“The business case for TimesSelect”

20 Oct ’07

From Nick Carr, commentary of a study of online media that suggests that free would not have been the right strategy for online news at the outset. Gist:

Gentzcow concludes that a newspaper’s print edition and its web site are substitutes rather than complements – the site cannibalizes, rather than promotes, the paper edition. The substitution effect is quite specific: On any day that a Post reader looks at post.com, the odds of him buying a copy at a newsstand go down significantly.

If the print and online editions were complements – the demand for which rise or fall in tandem – then a newspaper’s online pricing strategy would be pretty much a no-brainer: it would give away the online edition in order to expand print readership and harvest an added source of ad revenues. But the fact that the two products are substitutes complicates the strategy. If you rush to set the price of the web edition at zero too early, before online ad sales reach a certain level, you may sacrifice revenues from print sales and ads without making them up through online ad sales. The better strategy, explains Gentzcow, would be to charge a fee for access to the online news (or at least, by implication, some part of it valued by print readers). That way you dampen the loss of print sales and ads and maximize your overall revenues and profits. At some point, once online ads sales strengthen sufficiently, it may then make economic sense to remove the fees for accessing the site.

I haven’t read the study, and at the end of day, who knows, really. And it’s certainly (but I would have thought, obviously) true that when to take down the paywall is a very individual question. But based on Carr’s summary it seems to me that the larger point for most newspapers is not the substitutability of their own online for offline – it’s that the online news and opinion offerings of other publishers are almost perfect substitutes for their own (online or offline). With a growing number of readers preferring online to off, and with the number of those online alternatives trending effectively towards infinity, for most newspapers the real issue has not been (or should not have been) cannibalization of one’s own market – it’s been hanging on to a readership through whatever means are available. I couldn’t tell you what’s in the National Post any longer – except for Andrew Coyne’s column – I just don’t bother, so crippled was its online version. The Globe online is crippleware too, but less so, so that’s where I go for Canadian news.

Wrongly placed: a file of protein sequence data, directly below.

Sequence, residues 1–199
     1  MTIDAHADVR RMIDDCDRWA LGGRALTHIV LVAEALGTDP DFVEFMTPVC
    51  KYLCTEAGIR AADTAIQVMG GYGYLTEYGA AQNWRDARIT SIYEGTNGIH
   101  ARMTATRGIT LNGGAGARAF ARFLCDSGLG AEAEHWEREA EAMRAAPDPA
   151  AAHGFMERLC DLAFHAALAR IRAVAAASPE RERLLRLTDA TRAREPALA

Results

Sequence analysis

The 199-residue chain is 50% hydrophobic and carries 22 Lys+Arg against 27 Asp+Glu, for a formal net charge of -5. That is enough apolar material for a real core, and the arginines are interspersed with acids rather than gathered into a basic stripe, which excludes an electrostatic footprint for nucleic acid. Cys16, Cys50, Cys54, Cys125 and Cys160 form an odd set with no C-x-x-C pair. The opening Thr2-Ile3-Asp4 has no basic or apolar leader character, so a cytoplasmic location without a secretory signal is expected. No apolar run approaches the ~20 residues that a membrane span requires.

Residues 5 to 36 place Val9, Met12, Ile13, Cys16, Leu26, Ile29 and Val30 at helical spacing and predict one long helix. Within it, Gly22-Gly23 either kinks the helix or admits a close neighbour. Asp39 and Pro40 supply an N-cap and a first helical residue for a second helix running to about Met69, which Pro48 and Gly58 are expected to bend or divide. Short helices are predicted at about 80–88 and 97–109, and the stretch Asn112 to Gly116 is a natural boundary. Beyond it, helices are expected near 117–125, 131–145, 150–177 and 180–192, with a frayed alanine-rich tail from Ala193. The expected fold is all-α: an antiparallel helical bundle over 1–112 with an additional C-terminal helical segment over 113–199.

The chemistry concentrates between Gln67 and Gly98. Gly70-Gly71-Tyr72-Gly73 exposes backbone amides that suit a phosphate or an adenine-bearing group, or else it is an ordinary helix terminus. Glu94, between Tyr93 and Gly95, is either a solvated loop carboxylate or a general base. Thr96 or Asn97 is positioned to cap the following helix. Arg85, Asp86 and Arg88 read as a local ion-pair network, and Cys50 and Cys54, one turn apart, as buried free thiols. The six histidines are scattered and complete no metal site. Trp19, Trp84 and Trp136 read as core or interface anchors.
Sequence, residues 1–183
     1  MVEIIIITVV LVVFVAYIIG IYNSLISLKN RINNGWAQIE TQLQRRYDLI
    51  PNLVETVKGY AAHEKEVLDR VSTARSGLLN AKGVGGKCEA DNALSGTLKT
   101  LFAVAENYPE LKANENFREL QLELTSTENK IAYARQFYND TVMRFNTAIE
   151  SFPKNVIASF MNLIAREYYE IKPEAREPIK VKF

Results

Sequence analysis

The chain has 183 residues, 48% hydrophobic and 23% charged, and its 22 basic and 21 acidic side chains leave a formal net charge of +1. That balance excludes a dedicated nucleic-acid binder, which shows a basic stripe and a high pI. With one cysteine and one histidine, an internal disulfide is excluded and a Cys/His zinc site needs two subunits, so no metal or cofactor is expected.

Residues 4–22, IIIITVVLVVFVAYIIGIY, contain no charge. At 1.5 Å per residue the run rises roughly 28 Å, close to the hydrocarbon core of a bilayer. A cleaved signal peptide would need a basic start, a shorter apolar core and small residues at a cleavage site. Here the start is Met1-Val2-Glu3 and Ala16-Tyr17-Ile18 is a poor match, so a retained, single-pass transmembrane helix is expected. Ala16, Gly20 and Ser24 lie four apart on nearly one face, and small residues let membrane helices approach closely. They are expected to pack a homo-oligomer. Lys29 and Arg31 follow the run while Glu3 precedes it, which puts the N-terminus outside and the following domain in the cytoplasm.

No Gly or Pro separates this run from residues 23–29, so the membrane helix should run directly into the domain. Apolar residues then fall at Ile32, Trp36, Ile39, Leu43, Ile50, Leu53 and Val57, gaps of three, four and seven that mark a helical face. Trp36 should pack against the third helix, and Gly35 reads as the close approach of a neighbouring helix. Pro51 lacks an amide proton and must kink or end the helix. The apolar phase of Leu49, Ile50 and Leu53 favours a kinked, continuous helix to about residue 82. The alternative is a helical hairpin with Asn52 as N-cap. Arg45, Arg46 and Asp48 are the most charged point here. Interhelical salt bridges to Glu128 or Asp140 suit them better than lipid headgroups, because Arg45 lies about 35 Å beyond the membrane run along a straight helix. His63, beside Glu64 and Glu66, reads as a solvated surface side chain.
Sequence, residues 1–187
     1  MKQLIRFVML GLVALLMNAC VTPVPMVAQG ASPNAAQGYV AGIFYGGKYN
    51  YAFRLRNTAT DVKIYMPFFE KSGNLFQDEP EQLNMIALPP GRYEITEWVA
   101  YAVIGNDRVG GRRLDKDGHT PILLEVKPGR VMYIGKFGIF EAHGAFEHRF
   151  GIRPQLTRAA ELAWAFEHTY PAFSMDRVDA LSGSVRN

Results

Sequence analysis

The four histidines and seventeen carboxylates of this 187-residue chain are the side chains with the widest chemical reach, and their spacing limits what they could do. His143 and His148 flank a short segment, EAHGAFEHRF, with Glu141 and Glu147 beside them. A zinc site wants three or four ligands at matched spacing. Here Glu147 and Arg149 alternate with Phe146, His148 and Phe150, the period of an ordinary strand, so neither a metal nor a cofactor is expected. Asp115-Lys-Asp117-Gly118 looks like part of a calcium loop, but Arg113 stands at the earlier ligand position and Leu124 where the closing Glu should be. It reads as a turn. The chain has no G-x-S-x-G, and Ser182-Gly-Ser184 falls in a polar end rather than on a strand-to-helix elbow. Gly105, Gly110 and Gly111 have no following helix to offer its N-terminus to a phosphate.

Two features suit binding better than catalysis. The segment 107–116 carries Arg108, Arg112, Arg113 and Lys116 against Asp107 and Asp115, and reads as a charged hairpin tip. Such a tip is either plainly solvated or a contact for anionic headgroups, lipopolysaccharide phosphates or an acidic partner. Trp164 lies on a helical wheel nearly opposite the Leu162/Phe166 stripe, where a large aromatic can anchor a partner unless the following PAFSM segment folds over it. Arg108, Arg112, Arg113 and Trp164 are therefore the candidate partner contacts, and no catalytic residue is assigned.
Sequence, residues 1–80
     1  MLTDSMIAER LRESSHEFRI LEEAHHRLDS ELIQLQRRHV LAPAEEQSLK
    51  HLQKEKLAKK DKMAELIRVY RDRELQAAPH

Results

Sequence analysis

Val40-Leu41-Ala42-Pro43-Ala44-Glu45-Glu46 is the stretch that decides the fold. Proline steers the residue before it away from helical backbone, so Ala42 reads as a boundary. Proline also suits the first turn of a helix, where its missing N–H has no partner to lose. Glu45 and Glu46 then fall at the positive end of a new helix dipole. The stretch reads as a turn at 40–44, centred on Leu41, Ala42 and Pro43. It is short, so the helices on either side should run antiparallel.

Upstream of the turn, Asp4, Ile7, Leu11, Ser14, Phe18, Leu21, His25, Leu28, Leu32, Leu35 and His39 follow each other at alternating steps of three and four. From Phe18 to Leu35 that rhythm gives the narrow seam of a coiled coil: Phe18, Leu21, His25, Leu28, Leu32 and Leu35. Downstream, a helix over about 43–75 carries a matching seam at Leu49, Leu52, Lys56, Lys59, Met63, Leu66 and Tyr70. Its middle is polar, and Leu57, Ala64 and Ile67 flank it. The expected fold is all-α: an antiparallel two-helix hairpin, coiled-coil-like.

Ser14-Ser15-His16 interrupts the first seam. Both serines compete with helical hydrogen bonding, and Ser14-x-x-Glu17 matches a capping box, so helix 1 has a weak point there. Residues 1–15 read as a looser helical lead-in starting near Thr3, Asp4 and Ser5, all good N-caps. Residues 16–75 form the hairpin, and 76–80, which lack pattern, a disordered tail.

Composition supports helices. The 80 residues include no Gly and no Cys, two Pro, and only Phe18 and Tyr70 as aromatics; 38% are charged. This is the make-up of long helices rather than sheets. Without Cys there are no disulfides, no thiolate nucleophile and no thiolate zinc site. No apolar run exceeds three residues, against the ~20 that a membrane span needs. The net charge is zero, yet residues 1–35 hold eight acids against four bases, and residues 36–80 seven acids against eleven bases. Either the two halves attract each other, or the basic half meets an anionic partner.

Of course, the even bigger problem for most news and opinion publishers is that everything competes with everything else, now that the ‘net has exploded publishing’s traditional geographical monopolies. There are just too many publishers publishing the same damned thing; there really are just too damned many newspapers. And the problem for papers like the Globe, as well-served as it is by the Post’s obliviousness, is that there are many other publishers around the world who do what it does much better. With the exception of local, there’s not much there I can’t find elsewhere in greater depth and with better writing. And that’s the real problem publishers have. A few years from now, paywalls are going to seem like a blip, and online cannibalization of own offline is going to seem like a walk in the park. Canadian publishers have a little more time than their U.S. counterparts – we have a bit of an appetite for local cultural content and this is too small a country to offer true competition. But it’s coming.

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